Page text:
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The mister-ious case of disappearing formality

We're being sucked into a world of superficially friendly exchanges
  • @Simon_Kelner

I don’t want to labour the point, and I certainly wouldn’t wish to fall out with the boss, but I feel I should return to my subject of the other day – the inappropriate familiarity of strangers – and tackle the point made by Mr Hatfield in his column yesterday. Judging from the feedback I have received, it’s certainly struck a chord with the i nation, many of whom are exercised by being addressed in an overly chummy manner by a cold caller.

Stefano – I believe we are on first-name terms – takes issue with one reader who, emboldened by my rather misanthropic tone, complains about a salesperson answering the phone with: “Hello, my name is Kerry”.

I, like Stefano, have no problem with this. If Kerry chooses to over-share in that mannered Transatlantic way, that’s up to her. Just don’t expect me to reciprocate. And I don’t think we should be taken in by her greeting, believing it to be a sign of amity. It’s part of her training, as much as if she was asking you if you wanted small, medium or large fries. What’s more, I think there is a form of tyranny at work here: if you are put off by this confected friendliness, you’re regarded as a miserable old sod. “Have we got nothing worse to moan about than people being pleasant to us?” asks Stefano. Well, yes, actually. There’s the weather, the bankers, the Daily Mail and Paolo Di Canio to start with. Nevertheless, the mores of modern communication seem to matter to people, and correspondent Pat Brandwood picked up yesterday on the fact that “hello” has been replaced by “how are you?”.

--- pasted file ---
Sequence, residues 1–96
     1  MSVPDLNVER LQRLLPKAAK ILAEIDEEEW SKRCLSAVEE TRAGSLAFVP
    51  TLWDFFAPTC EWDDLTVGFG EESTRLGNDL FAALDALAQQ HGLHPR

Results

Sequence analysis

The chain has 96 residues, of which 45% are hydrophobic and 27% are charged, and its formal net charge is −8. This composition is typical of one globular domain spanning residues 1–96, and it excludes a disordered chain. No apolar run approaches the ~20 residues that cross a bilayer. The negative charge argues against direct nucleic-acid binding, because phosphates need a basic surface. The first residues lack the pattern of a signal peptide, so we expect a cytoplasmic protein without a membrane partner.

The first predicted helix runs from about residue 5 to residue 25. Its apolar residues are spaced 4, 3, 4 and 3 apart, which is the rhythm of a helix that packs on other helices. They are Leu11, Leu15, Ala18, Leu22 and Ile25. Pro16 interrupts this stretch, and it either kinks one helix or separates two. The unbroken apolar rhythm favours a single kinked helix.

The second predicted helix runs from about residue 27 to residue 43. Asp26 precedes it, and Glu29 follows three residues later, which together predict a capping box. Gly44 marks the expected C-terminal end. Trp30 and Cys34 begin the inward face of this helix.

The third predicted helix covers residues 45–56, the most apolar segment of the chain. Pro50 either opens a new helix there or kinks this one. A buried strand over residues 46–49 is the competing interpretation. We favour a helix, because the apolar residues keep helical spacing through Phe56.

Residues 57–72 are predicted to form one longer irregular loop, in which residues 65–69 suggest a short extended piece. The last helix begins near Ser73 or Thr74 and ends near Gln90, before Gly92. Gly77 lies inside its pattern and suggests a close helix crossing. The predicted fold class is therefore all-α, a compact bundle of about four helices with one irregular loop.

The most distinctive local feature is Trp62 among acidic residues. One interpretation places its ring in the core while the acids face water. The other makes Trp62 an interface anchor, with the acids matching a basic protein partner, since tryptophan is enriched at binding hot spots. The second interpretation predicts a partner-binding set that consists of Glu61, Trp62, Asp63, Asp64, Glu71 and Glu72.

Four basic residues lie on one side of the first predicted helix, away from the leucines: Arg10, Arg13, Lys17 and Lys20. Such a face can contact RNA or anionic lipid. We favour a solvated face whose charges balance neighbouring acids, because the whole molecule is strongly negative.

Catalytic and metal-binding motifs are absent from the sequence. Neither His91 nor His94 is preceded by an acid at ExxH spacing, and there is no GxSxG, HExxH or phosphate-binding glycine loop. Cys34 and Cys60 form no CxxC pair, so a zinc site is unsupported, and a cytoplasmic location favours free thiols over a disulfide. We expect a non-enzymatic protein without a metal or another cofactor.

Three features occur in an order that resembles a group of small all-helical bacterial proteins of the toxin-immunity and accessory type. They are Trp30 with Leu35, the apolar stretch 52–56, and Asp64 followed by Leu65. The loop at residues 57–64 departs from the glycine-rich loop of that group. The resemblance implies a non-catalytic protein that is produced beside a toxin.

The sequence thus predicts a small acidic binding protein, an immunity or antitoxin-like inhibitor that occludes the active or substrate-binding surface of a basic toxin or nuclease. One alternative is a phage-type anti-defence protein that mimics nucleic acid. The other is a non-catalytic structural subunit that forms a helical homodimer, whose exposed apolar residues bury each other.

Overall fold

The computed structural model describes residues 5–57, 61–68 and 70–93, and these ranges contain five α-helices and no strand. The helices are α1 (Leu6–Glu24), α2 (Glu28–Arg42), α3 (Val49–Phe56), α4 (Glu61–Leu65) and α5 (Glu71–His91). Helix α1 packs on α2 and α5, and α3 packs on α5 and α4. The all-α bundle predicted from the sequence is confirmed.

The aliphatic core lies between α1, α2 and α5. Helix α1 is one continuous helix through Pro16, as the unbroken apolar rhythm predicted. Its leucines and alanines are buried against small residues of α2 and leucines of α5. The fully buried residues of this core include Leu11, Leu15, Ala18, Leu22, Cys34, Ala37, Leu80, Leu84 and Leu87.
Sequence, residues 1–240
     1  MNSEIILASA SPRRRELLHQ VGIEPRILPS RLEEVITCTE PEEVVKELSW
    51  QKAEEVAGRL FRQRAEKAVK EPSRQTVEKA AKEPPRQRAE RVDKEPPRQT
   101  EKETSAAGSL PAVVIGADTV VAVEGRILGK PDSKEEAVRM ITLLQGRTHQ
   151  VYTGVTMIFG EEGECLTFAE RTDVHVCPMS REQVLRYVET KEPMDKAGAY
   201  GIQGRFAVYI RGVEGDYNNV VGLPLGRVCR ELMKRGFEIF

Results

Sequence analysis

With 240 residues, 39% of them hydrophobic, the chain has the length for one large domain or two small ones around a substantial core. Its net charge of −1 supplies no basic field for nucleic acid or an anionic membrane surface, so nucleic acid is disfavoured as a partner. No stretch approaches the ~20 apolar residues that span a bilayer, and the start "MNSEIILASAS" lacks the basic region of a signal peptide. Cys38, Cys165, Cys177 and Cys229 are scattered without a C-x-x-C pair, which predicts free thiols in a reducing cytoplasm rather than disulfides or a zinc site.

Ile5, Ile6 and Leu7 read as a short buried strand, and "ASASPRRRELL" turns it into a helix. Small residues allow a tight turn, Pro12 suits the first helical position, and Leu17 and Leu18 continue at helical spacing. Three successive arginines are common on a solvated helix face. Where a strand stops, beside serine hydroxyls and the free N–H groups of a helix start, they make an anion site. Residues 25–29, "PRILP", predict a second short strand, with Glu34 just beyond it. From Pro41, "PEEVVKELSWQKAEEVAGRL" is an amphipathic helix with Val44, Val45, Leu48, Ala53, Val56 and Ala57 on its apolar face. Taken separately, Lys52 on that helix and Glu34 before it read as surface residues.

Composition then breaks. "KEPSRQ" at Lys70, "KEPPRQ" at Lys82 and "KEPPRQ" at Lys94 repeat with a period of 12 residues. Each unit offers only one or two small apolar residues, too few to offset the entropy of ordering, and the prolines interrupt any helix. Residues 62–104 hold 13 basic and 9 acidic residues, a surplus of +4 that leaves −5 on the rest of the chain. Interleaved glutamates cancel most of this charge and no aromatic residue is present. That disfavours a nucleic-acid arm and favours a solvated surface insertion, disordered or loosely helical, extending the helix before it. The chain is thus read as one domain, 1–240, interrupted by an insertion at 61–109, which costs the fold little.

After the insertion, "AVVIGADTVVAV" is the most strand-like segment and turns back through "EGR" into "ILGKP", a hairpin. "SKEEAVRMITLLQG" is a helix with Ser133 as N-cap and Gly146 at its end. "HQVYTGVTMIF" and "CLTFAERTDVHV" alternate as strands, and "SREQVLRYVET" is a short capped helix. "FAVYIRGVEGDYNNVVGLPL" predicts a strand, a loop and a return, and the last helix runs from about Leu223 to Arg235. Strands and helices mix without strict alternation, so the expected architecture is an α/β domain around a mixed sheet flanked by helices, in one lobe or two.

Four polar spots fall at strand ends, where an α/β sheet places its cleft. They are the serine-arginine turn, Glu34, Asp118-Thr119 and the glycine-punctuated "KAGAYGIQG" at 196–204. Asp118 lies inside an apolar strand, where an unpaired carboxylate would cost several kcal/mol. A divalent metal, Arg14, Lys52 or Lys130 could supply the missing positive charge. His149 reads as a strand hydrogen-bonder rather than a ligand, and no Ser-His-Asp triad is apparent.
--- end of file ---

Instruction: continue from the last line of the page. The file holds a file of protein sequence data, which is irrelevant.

The stock answer – “I’m fine” – is often not accurate, but a truthful response is not sought, or appropriate. At this point, I should mention another Americansim which has entered our vernacular. The response to “how are you?” has often mutated into: “I’m good.”

On hearing this reply, a friend of mine said tartly: “I was enquiring after your welfare, not your moral state”. (Yes, I agree. Makes him sound like an arse.) But no matter how punctilious we may be in our everyday conversations, it’s all too easy to let standards lapse.

I find myself saying “how are you doing?” as a greeting (at least it’s a near relation of Nancy Mitford’s preferred “how do you do?”) and a friend of mine, Tim, texted me yesterday with his own confession. “My favourite kneejerk response to this new age of faux intimacy,” he wrote, “is when I hear my voice signing off with a cheery ‘lots of love’ to the cold caller from the Halifax. ‘Did I just say that?’ I gasp. Until the next time...”

Bit by bit, call by call, first name by first name, we’re all being sucked into this world of superficial exchanges, where formality is the exclusive province of oldsters and miserablists. Stand up for propriety! But in the meantime, have a nice weekend. And, yes, I really do mean that.